In a presentation at Vitafoods, Graham Robinson, Research Executive at business analyst firm Giract, highlighted regulatory and pricing challenges of repositioning existing and new probiotic products to offer consumers immune support.
“One of the interesting things when considering the different positions of the different probiotic cultures is that determines the pricing in many cases,” he explained.
“You often see a probiotic culture is used in a given application with one label claim that has one price. And then that same probiotic culture in the same application with a different claim with the supplier selling it at a different price.
“This is becoming much more prominent especially during COVID, where a lot of probiotic cultures are repositioned for immune claims, where there has been price changes associated with that.
“So, for example, cultures with cholesterol control claims attract a greater premium. But that same probiotic culture in the same application even with a more traditional position like gut health, is often a more cost-effective approach.”
The main bacterial sources of probiotics include Lactobacilli, Bifidobacteria and Bacilli and while these cultures are primarily used to enhance gut health, in recent times have been positioned as remedies to improve boost immunity, control cholesterol and dental care, amongst others.
However, as Robinson pointed out, the regulatory landscape in Europe does not lend itself well to probiotics making immune supporting claims – a position that he expected would change soon.
‘Finding a consensus’
“One of the issues, particularly in Europe is how you position these probiotic cultures and what claims you can make,” he said.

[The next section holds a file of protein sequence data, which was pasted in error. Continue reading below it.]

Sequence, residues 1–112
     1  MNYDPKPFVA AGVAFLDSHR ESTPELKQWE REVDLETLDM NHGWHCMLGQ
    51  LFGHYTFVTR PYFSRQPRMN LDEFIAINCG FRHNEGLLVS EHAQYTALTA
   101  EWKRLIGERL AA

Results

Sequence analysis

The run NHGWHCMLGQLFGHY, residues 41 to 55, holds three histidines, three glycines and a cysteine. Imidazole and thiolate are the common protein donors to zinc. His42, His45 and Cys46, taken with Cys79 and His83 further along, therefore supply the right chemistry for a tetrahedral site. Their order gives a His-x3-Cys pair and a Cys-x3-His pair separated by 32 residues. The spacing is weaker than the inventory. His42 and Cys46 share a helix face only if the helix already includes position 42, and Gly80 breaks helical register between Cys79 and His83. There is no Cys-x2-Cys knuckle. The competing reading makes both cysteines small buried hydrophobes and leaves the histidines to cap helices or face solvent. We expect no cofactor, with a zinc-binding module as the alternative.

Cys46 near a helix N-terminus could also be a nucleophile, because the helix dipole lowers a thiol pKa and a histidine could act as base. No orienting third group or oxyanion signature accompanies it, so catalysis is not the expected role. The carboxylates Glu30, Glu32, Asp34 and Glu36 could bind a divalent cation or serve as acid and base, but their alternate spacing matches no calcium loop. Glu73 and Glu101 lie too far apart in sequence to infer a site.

“In Europe, there are still a lot of legislative hurdles and immunity claims are difficult, if not impossible in foods.
“Immunity claims are vague in supplements. You can make holistic and wellness claims but making specific immunity claims is really very difficult and that makes it difficult to legislate for.
“This is something the industry is still struggling with and suppliers are still trying to find a consensus. A lack of consensus also aids in cultures being presented for different claims and health positioning in even the same application for example.”
When used on a food label, the term ‘probiotic’ itself may be considered to be a health claim since it states, suggests or implies a relationship between food and health.
While a health claim linking probiotics and immune health may be a while off, in March this year, the Netherlands Food and Drug Administration released guidance stating the term ‘probiotic’ was to be allowed on food and supplement labels in the country, as mandatory information characterising the product.
Denmark's Minister for Food, Agriculture and Fisheries has promised to work with Spain and other EU countries in an aim to change EU regulation to allow use of the word “probiotic” on labels across the board. Spain has already approved use of the term at the end of last year.
Robinson also highlighted how the pandemic was bringing into focus the uncertainties of price structures assigned to certain probiotic cultures arguing the practice to have a knock-on effect on the claims made.
“Some of the unmet needs and challenges include the price structure of probiotic cultures that is still very opaque,” he said.
“So, for example, in a lot of applications, you can use the same organism or probiotic culture but with a different claim and that will carry a different premium. That makes pricing unclear.
“The problem with it being so opaque and that you can’t make specific immunity claims, leaving consumer products with holistic-type claims.
“Yet the probiotic cultures being used in these products, for an immunity claim may very well be the same culture that goes into a different application under a gut health claim or cardiovascular health claim. In a sense, it is to do with marketing, and it does affect the price.”